1. Sarah says:

      Wow, thanks so much for the input, Michael! I like to think I know a thing or two about nutrition but when it comes to botany…well…I’ve got some learning to do. Are the male eggplants harder to find simply because they’re more sought after?

  2. Michael Sulman says:

    That’s an interesting question, Sarah. Whenever I shop for eggplants, most of the ones I find are female, and I’m forced to use them; but given the choice, (at the risk of sounding sexist) I much prefer the male variety.

    1. Sarah says:

      Well that’s certainly an interesting tidbit! Perhaps the male to female ratio at farmer’s markets would be more favorable. I’ll keep an eye out!

  3. phillip says:

    are eggplants grown all year round? or should they be removed after a period?

    1. Sarah says:

      Hi Phillip! I believe they can be grown year round.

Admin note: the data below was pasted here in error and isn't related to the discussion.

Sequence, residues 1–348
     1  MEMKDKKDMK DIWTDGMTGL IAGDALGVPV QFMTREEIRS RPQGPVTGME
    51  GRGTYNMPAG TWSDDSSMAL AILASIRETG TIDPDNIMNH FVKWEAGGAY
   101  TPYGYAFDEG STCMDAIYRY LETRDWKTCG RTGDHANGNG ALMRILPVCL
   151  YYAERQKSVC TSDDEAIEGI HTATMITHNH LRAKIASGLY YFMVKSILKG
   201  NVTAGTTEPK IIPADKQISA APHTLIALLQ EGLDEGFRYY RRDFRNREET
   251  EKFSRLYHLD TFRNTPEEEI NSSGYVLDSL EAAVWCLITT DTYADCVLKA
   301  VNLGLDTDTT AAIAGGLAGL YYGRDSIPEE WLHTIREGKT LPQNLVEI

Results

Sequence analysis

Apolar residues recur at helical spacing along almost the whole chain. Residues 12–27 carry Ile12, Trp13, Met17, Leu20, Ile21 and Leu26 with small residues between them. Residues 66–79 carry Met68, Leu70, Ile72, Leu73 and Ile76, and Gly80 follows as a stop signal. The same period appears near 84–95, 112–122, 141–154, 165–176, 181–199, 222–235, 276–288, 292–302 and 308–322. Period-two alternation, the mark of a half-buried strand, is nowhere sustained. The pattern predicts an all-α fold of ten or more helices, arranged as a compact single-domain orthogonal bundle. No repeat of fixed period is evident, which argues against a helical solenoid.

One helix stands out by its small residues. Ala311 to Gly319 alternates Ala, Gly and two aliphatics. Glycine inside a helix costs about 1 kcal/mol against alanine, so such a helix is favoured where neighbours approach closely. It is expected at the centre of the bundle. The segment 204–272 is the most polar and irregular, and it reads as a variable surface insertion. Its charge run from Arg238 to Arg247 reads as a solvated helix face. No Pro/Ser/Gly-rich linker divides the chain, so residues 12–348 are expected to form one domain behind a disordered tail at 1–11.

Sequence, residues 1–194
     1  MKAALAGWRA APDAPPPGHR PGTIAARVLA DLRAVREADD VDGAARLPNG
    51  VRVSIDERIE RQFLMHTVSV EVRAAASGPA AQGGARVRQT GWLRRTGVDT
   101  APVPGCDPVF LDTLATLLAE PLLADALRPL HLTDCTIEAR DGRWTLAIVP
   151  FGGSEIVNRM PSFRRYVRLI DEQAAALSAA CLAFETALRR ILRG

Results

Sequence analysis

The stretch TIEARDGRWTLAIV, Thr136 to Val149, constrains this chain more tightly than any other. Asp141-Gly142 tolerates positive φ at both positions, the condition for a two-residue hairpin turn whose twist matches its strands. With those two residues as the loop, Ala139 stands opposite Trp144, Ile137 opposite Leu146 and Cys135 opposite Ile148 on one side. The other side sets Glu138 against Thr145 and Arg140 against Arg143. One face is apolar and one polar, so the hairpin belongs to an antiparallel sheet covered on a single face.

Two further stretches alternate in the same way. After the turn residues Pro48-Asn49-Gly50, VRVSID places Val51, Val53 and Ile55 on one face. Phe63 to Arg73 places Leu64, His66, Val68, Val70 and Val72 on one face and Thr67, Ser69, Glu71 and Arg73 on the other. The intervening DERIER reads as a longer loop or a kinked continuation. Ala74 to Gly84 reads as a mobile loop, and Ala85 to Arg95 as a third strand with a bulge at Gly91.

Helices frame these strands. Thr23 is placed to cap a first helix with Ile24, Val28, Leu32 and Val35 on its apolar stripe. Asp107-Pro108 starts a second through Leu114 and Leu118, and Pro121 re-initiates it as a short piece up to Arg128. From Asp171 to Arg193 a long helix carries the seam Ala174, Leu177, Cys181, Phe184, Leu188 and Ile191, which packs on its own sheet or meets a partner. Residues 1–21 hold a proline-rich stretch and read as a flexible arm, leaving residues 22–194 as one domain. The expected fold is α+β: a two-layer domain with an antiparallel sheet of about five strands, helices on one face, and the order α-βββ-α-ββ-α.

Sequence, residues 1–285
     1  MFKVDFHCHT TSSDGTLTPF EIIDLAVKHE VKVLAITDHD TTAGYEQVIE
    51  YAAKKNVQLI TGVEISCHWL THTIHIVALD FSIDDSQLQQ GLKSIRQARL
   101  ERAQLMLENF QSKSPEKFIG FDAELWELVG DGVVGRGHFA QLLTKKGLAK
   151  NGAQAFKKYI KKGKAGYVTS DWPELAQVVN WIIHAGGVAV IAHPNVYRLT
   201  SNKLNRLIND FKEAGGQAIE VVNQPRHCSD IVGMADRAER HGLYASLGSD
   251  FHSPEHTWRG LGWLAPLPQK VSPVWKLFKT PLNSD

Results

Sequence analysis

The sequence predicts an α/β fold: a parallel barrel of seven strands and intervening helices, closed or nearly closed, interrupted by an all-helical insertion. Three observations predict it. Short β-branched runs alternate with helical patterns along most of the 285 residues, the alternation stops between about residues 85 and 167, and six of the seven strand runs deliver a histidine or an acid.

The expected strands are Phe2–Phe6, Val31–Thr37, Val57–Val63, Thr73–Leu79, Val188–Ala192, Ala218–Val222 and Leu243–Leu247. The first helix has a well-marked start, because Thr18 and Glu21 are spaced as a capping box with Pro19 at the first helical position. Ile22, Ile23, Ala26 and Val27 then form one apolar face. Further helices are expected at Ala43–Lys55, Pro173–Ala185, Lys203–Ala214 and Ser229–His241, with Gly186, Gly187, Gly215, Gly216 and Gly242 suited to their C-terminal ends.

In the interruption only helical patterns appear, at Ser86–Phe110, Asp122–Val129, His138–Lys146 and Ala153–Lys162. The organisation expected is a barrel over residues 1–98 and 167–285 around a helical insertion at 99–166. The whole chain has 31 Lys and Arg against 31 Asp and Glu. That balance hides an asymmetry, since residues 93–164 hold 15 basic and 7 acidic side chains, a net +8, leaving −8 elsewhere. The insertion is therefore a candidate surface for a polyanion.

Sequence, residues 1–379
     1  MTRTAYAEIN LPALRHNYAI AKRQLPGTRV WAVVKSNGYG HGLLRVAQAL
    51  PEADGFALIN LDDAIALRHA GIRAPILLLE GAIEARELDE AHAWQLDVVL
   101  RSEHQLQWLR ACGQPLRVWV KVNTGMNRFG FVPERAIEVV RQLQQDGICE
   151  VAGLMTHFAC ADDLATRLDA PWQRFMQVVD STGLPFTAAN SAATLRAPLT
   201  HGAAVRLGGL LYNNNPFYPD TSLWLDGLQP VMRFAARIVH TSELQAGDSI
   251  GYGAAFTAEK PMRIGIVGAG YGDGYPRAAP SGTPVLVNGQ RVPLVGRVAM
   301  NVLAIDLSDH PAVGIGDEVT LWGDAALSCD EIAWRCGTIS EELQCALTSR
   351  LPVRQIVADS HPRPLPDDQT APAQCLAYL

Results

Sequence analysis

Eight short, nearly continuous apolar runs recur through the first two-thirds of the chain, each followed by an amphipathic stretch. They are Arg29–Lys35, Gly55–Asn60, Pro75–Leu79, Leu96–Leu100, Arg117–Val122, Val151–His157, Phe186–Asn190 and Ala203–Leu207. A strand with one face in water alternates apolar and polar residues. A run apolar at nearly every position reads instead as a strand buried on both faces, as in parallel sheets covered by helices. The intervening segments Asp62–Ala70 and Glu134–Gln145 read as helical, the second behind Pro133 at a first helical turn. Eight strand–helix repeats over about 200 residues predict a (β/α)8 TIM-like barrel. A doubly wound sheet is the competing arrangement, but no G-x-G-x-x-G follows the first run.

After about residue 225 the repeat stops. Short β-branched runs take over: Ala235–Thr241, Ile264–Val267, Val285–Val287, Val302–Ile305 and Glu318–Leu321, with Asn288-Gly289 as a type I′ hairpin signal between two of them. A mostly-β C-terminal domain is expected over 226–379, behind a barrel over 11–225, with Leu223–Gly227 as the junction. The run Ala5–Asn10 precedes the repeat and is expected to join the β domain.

4. Dave says:

    Hi, sarah can you grow eggplants outside in montana.

    1. Sarah says:

      Hi Dave! Honestly not sure, gardening isn’t my forte!

  5. Shelley says:

    What is the flavor of eggplants? What is it most comparable to? And what’s the best way too cook one?

    1. Sarah says:

      Hi Shelley! The flavor is very mild with a spongy texture. You can find all of my favorite ways to cook eggplant here.

  6. Andrea Frank says:

    Eggplant fruits are berries. BTW- any plant part containing seeds is a fruit, botanically speaking. A vegetative part is one no involve and not a product of reproduction. This business of male vs female fruits is not a botanical matter. I think it must be folklore and may be a matter of development (the so called “male” fruits not being fully formed). I’m just guessing at this. Back to seeds- all seed develop with in the ovaries- yep, just like humans as a result of fertilization by pollen from the “male” stamens through the ‘female’ organ, the pistol. While it is common to refer to male of female plant organs or flowers, a real botanist says such things are “pistilate or “stamenate.” many plants have both female and male parts, many have one or the other. Female parts alone make seeds, hence fruit. The fruits of an eggplant are technically berries, as I said at the top. – A botanist.

    1. Sarah says:

      Thanks so much for the interesting tidbits, Andrea! 😀